Pro-Palestinian student protesters break through police fencing at MIT | US campus protests

Pro-Palestinian protesters who had been blocked by police from accessing an encampment at the Massachusetts Institute of Technology on Monday broke through fencing, linked arms and encircled tents that remained there, as Columbia University canceled its university-wide commencement ceremony following weeks of pro-Palestinian protests.

Sam Ihns, a graduate student at MIT studying mechanical engineering and a member of MIT Jews for a Ceasefire, said the group had been at the encampment for the past two weeks and that they were calling for an end to the killing of thousands of people in Gaza.

“Specifically, our encampment is protesting MIT’s direct research ties to the Israeli Ministry of Defense,” he said.

Demonstrators tear down barricades outside the encampment. Photograph: Josh Reynolds/AP

Protesters also sat in the middle of Massachusetts Avenue, blocking the street during rush hour in the Boston area.

The demonstrations at Columbia have roiled its campus and officials said on Monday that while it would not hold its main ceremony, students would be able to celebrate at a series of smaller, school-based ceremonies this week and next.

The decision comes as universities around the country wrangle with how to handle commencements for students whose high school graduations were derailed by Covid-19 in 2020. Another campus shaken by protests, Emory University, announced on Monday that it would move its commencement from its Atlanta campus to a suburban arena. Others, including the University of Michigan, Indiana University and Northeastern University, have pulled off ceremonies with few disruptions.

Columbia’s decision to cancel its main ceremony, scheduled for 15 May, saves its president, Minouche Shafik, from having to deliver a commencement address in the same part of campus where police dismantled a protest encampment last week. The Ivy League school in upper Manhattan said it had made the decision after discussions with students.

“Our students emphasized that these smaller-scale, school-based celebrations are most meaningful to them and their families,” officials said.

Most of the ceremonies that had been scheduled for the south lawn of the main campus, where encampments were taken down last week, will take place about five miles north at Columbia’s sports complex, officials said.

Speakers at some of Columbia’s still-scheduled graduation ceremonies include the Pulitzer Prize-winning playwright James Ijames and Dr Monica Bertagnolli, director of the National Institutes of Health.

Students linked arms around the encampment. Photograph: Brian Snyder/Reuters

Columbia had already canceled in-person classes. More than 200 pro-Palestinian demonstrators who had camped out on Columbia’s green or occupied an academic building were arrested in recent weeks.

Similar encampments sprouted up elsewhere as universities struggled with where to draw the line between allowing free expression while maintaining safe and inclusive campuses.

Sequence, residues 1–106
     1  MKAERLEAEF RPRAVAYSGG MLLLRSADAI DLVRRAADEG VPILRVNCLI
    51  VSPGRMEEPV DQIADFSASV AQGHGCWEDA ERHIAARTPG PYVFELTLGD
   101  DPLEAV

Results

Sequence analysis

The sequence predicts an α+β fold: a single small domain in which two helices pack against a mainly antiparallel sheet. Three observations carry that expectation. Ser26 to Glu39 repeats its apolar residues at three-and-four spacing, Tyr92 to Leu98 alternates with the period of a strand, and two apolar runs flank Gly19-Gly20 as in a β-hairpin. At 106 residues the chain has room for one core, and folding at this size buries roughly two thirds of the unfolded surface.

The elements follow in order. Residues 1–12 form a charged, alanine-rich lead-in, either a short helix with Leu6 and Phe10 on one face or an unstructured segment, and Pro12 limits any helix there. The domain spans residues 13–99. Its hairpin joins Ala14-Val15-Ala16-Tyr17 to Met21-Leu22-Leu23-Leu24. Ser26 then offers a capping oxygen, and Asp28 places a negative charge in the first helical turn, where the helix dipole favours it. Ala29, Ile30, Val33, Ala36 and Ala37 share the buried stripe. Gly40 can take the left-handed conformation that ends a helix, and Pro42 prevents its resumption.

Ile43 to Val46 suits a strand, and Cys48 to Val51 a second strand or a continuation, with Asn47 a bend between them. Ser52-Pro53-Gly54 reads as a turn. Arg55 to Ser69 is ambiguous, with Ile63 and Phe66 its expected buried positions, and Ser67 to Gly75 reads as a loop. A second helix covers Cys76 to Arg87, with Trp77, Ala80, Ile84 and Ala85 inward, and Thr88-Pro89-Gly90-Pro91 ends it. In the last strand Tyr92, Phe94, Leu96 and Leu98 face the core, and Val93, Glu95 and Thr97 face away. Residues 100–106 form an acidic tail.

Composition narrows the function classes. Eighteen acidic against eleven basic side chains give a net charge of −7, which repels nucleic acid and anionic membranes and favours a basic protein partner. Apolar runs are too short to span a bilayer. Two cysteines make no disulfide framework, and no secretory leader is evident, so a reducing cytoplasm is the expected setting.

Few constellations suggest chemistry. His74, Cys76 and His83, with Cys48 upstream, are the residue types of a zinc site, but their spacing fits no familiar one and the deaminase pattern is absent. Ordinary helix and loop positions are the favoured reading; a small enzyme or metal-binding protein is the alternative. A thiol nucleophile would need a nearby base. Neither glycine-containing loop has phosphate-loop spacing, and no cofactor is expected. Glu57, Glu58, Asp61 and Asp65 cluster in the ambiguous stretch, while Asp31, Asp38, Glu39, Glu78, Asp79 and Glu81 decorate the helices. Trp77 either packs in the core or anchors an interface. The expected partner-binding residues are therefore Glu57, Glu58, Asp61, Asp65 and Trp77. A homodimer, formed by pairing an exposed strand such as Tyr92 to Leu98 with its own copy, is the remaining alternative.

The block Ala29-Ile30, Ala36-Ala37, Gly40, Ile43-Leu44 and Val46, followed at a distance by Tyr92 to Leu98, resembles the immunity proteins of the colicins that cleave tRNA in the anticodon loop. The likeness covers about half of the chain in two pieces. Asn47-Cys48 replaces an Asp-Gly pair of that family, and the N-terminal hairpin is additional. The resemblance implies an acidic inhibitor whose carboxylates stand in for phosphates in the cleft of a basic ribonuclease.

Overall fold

On Monday evening, a group of students at the Rhode Island School of Design in Providence used tables and chairs to barricade the entrance to the second floor of a building on campus, preventing police from getting in, according to a report from the Brown Daily Herald, a student publication at nearby Brown University.

The protest was organized by Risd Students for Justice in Palestine, who said they would not leave the building until president Crystal Williams met their demands for fiscal transparency around investments, “holistic” divestment from groups involved with “sustaining Israel apartheid”, establishing a student oversight committee for investments and publicly condemning Israel’s actions in Gaza as a genocide.

The University of Southern California earlier canceled its main graduation ceremony. Students abandoned their camp at USC on Sunday after being surrounded by police and threatened with arrest.

Other universities have held graduation ceremonies with beefed-up security. The University of Michigan’s ceremony was interrupted by chanting a few times on Saturday. In Boston on Sunday, some students waved small Palestinian or Israeli flags at Northeastern University’s commencement in Fenway Park.

At the University of California, San Diego, police cleared an encampment and arrested more than 64 people, including 40 students, on Monday.

The University of California, Los Angeles, moved all classes online for the entire week due to continuing disruptions following the dismantling of an encampment last week. The university police force reported 44 arrests on Monday but there were no specific details, the UCLA spokesperson Eddie North-Hager said in an email to the Associated Press.

Schools are trying various tactics from appeasement to threats of disciplinary action to get protesters to take down encampments or move to campus areas where demonstrations would be less intrusive.

A group of faculty and staff members at University of North Carolina at Chapel Hill asked the administration for amnesty for any students who were arrested and suspended during recent protests. UNC Faculty and Staff for Justice in Palestine said in a media advisory that it would deliver a letter on behalf of more than 500 faculty who support the student activists.

Other universities took a different approach.

Harvard University’s interim president, Alan Garber, warned students that those participating in a pro-Palestinian encampment in Harvard Yard could face “involuntary leave”. That means they would not be allowed on campus, could lose their student housing and might not be able to take exams, Garber said.

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